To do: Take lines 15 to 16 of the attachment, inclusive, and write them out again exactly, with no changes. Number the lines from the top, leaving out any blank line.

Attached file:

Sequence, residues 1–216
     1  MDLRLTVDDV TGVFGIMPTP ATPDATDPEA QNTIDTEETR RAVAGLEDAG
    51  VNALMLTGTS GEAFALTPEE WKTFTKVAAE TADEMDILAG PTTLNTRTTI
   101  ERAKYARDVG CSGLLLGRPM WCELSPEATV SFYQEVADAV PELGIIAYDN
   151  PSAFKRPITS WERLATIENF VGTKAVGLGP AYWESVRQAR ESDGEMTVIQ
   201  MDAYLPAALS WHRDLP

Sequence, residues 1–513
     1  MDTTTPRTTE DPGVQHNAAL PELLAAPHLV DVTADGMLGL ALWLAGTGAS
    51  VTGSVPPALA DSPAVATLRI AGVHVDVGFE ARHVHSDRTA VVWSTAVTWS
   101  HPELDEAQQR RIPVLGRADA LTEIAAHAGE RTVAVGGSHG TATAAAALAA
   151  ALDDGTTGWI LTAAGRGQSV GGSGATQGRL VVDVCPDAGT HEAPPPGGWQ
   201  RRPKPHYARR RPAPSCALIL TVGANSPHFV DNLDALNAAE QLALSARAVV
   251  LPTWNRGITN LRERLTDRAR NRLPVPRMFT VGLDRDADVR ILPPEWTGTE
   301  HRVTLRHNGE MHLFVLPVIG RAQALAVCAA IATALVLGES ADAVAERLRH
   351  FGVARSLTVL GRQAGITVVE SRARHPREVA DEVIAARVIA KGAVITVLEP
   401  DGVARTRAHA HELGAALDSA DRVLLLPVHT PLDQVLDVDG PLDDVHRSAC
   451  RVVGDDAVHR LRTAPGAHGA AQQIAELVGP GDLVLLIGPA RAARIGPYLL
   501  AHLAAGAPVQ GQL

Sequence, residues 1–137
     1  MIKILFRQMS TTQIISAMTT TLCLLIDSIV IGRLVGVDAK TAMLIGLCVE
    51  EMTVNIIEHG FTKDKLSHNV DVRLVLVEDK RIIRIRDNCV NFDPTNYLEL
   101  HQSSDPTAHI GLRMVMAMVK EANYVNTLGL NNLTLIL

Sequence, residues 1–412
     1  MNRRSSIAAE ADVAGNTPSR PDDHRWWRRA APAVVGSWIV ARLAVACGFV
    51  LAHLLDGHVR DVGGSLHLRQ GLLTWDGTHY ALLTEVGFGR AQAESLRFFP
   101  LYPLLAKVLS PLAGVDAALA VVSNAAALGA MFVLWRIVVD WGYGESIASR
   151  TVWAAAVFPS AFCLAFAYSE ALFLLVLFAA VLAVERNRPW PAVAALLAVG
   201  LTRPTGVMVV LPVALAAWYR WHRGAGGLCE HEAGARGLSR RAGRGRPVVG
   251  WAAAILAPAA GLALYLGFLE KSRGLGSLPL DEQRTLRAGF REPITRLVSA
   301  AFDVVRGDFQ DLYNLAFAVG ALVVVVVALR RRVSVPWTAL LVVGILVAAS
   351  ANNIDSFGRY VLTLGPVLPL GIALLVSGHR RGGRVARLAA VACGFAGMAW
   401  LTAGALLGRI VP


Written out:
   351  FGVARSLTVL GRQAGITVVE SRARHPREVA DEVIAARVIA KGAVITVLEP
   401  DGVARTRAHA HELGAALDSA DRVLLLPVHT PLDQVLDVDG PLDDVHRSAC